« On Safari? Take a map, see a movie | Main | More on sf and unheimlichkeit »

Homosexuality, sf, and the unheimlich

| 7 Comments

I really ought to be either editing or reading subs, but I'm gonna take a little time to point to a couple of really interesting entries in Kip Manley's blog Long story; short pier—a blog I was either previously unaware of or else just not paying attention to.

Manley's been writing about first exposures to the idea of homosexuality, and has been saying some fascinating stuff about sf in the process.

Back when I wrote that "Future of Sex" editorial, some readers responded that the problem with putting queer people in sf is that it distracts from the rest of the story—the idea being (more or less) that sex, and homosexuality in particular, is inherently so foregrounded that putting it in a story at all makes that what the story's about. Here's Manley on The Tomorrow File, a 1975 novel by Lawrence Sanders that's set twenty years in the then-future and has a bisexual protagonist named Nicholas:

Had Nicholas been narrating a contemporary beach-blanket thriller, he’d’ve been an alienating figure. No matter how exotic the locale, he’d’ve been insisting he was with all his queerness here and now, and I could look around me and see that this was not so. But science fiction ... gives him a certain license. He’s insisting that he and all his world could be, and inviting you to step awhile in his shoes and see the sights.

An excellent point. Though I would add that to some extent these days (thirty years after the Sanders novel was published), the presence of homosexuality in science fiction set in the future is more alienating than in contemporary-setting fiction, for a reason much like what I was talking about in my editorial: because there's so much more homosexuality in the real world (and in contemporary fiction) than in sf set in the future.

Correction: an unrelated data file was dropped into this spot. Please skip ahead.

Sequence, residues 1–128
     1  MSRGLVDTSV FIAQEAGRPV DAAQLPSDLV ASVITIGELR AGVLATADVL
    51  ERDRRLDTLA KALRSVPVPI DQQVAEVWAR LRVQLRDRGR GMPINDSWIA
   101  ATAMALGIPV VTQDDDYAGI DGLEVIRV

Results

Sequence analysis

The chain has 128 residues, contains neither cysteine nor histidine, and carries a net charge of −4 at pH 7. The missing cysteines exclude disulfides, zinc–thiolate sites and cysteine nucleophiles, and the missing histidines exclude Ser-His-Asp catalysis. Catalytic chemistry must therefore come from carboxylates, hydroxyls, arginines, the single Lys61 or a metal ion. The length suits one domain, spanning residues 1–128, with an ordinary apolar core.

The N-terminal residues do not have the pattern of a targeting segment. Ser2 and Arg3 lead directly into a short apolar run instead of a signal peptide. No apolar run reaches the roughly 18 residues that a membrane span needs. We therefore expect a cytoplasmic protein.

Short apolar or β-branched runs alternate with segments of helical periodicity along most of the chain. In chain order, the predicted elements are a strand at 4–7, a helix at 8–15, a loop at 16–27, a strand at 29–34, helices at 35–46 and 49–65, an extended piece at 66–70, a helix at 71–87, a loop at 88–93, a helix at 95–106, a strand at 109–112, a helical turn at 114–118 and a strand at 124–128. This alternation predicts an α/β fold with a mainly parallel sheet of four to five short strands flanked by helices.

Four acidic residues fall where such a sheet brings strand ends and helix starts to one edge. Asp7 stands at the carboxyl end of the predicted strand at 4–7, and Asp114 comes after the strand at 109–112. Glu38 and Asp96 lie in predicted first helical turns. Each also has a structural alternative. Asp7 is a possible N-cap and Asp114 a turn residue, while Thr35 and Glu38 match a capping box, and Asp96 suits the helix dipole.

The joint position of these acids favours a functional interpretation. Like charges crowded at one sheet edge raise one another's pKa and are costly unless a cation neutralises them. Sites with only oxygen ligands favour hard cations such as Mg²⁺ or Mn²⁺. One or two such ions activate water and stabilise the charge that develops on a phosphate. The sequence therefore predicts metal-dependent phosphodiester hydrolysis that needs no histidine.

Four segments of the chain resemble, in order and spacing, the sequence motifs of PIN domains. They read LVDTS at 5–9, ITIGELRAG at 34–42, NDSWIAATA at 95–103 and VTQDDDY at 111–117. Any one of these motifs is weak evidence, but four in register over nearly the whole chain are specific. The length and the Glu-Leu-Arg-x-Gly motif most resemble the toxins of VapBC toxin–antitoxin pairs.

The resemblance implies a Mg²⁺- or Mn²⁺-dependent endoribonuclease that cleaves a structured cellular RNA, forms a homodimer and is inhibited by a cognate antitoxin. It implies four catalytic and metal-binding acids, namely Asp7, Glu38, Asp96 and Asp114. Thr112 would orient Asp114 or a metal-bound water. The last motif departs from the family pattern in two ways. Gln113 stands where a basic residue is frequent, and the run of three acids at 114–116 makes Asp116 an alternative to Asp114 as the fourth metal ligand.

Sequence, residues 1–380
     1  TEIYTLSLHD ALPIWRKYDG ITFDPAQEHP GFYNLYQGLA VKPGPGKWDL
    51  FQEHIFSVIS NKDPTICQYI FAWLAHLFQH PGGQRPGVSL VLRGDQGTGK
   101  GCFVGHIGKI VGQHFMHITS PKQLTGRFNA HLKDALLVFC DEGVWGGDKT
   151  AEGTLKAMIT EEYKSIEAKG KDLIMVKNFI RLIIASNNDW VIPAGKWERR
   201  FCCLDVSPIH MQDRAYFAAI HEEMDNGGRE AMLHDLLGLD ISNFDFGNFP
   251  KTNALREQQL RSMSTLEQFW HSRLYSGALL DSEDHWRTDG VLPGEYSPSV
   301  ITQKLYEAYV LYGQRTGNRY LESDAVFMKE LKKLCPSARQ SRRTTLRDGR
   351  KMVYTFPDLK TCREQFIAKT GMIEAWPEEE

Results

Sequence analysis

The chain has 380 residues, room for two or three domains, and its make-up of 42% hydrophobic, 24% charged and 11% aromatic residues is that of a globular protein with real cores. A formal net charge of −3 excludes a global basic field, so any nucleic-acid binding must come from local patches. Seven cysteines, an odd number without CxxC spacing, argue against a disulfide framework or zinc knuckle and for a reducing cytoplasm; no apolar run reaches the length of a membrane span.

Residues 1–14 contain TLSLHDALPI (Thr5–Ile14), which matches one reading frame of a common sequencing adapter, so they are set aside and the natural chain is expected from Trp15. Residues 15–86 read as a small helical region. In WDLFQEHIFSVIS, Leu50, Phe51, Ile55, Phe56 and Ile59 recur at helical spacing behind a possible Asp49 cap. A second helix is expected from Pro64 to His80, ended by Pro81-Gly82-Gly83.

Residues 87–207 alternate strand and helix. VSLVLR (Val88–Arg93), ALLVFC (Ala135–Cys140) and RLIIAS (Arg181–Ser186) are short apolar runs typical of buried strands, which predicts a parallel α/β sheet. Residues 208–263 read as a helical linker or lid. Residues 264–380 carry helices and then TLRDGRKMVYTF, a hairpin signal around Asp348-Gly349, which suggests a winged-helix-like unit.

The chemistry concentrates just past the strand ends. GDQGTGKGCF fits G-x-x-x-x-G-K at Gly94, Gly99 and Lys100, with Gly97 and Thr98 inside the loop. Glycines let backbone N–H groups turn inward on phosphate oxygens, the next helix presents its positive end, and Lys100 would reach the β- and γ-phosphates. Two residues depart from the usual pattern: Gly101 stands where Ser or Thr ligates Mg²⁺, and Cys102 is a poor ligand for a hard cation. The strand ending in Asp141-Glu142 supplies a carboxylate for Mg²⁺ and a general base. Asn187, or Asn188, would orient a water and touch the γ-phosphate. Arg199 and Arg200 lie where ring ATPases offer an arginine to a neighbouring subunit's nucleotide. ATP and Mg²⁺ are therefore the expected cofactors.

(Aside: It occurred to me recently, while reading a Human Future In Space story in Asimov's in which there are actual homosexuals, that I neglected something in my editorial: it's traditionally okay to have queer and/or kinky people in HFIS stories as long as they're decadent and jaded and world-weary. This realization led me to decide that I want to write an Absolute Magnitude-style Starship Pilot Adventure Story in which the dashing starship pilot jock hero is gay but not at all decadent.)

So then in a later entry, Manley goes on to discuss the terms ostranenie ("the experience of having the familiar and commonplace made strange or alien," says that Lézard Lexicon page) and unheimlich (apparently hard to translate, but often translated into English as "uncanny"; literally "un-home-like"). And then:

But the thing about any tool no matter how mighty fine is that once you’ve used a hammer for a while you start to expect the nails. Read enough SF and you come to expect those unheimlich touches, the ostranenie of another world. It is itself familiar, usual, canny, heimlich. It’s what you opened the book for in the first place; that door damn well better be dilating by page three or you’re taking your custom elsewhere. —This is neither a good thing, nor a bad thing, it’s just a thing, and savvy writers and readers take it into account, ringing ostranenie games off their own expectations of the unheimlich as naturally as breathing.

Yeah. I think this is at the heart of a lot of those "but it isn't sf!" arguments—and at the heart of a lot of the playing with genre boundaries that some authors do.

(Aside: for a bit more on "the door dilated," see Gunn's "The Protocols of Science Fiction," and a posting by Dan'l Danehy-Oakes, and Langford's Drabbles.)

Sometimes I read a submission and I start to get a little tense, thinking This is really good, but there aren't any speculative elements yet. I wonder if the author knows we're an sf magazine. And that tension sometimes lurks in the back of my head through the whole story, until I get to the last line and find out there's something sfnal going on after all, and I breathe a sigh of relief and start thinking, in effect, Will our readers trust us and the author long enough to wait for the dilating door? Or will they decide the story's not unheimlich enough, and give up?